In war men show their adaptability. Soldiers become used to gunfire and artillery fire, to missions in the middle of the night, to surprise attacks, even to the novel experience of gas attacks, used for the first time in WWI. But for Jünger, meticulous analyst of war and psychology, the true enemy of the soldiers was the routine that set in and threatened to demoralise them:
A contributory factor in the chronic overtiring of the troops was the way that trench warfare, which demanded a different way of keeping one’s strength up, was still a novel and unexpected phenomenon as far as the officer corps was concerned. The great number of sentries and the incessant trench-digging were largely unnecessary, and even deleterious. It’s not a question of the scale of the earthworks, but of the courage of and condition of the men behind them. The ever-deeper trenches might protect against the odd head wound, but it also made for a defensive and security-conscious type of thinking, which we were loath to abandon later. Moreover, the demands made by the maintenance of the trenches were becoming ever-more exorbitant. The most disagreeable contingency was the onset of thaw, which caused frost-cracked chalk facings of the trenches to disintegrate into a sludgy mess.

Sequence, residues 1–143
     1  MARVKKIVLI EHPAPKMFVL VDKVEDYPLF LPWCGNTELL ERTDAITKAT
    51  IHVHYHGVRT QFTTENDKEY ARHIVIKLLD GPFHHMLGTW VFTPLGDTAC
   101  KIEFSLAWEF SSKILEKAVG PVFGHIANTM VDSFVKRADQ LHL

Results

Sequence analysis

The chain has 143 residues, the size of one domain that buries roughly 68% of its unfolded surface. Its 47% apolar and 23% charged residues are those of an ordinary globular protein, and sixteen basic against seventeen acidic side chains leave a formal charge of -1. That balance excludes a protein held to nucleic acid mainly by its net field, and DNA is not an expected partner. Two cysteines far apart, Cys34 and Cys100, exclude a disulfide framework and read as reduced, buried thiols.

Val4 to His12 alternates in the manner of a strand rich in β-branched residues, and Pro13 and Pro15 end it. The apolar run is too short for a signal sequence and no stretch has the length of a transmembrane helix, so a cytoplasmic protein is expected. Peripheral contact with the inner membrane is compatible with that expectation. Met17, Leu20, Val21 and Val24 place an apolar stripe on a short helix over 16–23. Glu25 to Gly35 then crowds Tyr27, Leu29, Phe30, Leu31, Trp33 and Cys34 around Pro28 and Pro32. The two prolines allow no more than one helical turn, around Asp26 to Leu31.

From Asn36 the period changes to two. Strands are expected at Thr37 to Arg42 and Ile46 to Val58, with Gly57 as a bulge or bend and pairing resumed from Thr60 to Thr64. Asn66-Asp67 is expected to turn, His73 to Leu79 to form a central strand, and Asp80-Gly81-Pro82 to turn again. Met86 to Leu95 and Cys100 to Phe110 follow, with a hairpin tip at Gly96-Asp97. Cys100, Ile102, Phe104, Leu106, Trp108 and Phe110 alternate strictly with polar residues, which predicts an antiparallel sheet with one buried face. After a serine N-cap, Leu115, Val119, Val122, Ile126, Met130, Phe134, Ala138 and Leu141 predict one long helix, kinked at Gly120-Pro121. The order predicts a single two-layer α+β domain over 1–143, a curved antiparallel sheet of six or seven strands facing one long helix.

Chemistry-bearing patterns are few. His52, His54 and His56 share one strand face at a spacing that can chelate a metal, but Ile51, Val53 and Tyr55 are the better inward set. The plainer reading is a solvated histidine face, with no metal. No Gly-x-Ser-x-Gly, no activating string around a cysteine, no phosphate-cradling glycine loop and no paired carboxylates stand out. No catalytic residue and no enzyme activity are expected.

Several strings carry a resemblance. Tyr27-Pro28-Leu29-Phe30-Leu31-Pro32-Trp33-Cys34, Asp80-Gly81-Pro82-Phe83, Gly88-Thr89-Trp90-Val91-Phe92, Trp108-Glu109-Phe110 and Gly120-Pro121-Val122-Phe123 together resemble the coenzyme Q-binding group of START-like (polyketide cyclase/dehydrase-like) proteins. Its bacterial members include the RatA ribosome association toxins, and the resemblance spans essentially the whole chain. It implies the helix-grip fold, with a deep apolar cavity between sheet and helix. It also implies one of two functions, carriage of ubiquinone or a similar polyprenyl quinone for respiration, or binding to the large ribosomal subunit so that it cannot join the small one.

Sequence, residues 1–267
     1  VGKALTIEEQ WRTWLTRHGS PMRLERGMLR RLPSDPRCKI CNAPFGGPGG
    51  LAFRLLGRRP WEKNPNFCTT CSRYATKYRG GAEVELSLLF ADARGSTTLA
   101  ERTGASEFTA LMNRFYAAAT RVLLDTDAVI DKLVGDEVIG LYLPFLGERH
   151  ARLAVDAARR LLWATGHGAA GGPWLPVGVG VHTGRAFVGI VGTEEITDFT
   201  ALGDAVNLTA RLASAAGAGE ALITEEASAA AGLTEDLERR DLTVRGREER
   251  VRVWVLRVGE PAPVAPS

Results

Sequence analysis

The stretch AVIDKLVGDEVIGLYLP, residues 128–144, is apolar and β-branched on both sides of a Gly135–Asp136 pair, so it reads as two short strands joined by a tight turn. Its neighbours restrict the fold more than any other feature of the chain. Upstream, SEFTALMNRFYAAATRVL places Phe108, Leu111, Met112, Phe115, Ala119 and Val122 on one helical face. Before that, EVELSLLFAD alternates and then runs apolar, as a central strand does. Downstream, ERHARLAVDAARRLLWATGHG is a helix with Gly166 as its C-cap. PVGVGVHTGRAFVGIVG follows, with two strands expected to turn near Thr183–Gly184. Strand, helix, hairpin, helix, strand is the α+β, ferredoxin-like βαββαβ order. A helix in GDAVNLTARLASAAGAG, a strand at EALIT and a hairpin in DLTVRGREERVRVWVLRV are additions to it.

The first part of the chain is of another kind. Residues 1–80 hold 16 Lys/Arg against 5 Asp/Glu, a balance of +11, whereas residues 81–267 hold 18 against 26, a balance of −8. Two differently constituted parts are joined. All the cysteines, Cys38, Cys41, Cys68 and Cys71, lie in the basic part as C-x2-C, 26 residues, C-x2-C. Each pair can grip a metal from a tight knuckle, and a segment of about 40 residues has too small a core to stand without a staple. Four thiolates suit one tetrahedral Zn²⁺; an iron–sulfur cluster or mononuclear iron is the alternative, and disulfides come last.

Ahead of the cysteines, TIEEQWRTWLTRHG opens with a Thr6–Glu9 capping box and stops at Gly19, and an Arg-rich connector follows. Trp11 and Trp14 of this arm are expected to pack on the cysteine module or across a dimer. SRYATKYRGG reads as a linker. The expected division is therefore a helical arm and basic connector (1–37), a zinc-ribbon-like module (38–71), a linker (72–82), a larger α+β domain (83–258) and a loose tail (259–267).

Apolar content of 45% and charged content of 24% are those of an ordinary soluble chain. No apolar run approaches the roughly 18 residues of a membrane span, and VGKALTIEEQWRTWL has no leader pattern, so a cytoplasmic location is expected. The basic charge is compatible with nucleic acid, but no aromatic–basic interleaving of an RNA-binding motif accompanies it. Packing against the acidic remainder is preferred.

The first war to also use trenches instead of the old-fashioned ritual meeting of armies on a battlefield, Jünger and his comrades also discovered how a war of attrition and waiting demanded developing skills to adapt to a totally new way of fighting, or not-fighting, demanding of men a physicality that left the author riveted:
We’re real Renaissance men who can turn our hands to anything, and the trenches make their thousandfold demands of us every day. We sink deep shafts, construct dugouts and concrete pillboxes, rig up wire entanglements, devise drainage systems, revet, support, level, raise and smooth, fill in latrines; in a world, we do all possible task ourselves.
War as a test, as self-improvement. Never complaining, Jünger accepted these challenges to find out his own limits.
When Storm of Steel doesn’t focus on Jünger’s personal conflict, it remains a fascinating, informative historical document about World War I. Jünger describes the conditions of the trenches, the effects the war of attrition had on the soldiers, the relationships between the soldiers and the occupied civilians. In some cases the invaders, Jünger included, were billeted in private homes and lived with the owners, who had the task of serving them. In his factual style, when he discusses the occupied population he doesn’t resort to sentimentality; writing from the perspective of the defeated, perhaps Jünger would try to vie for sympathy, but he sticks to cold facts: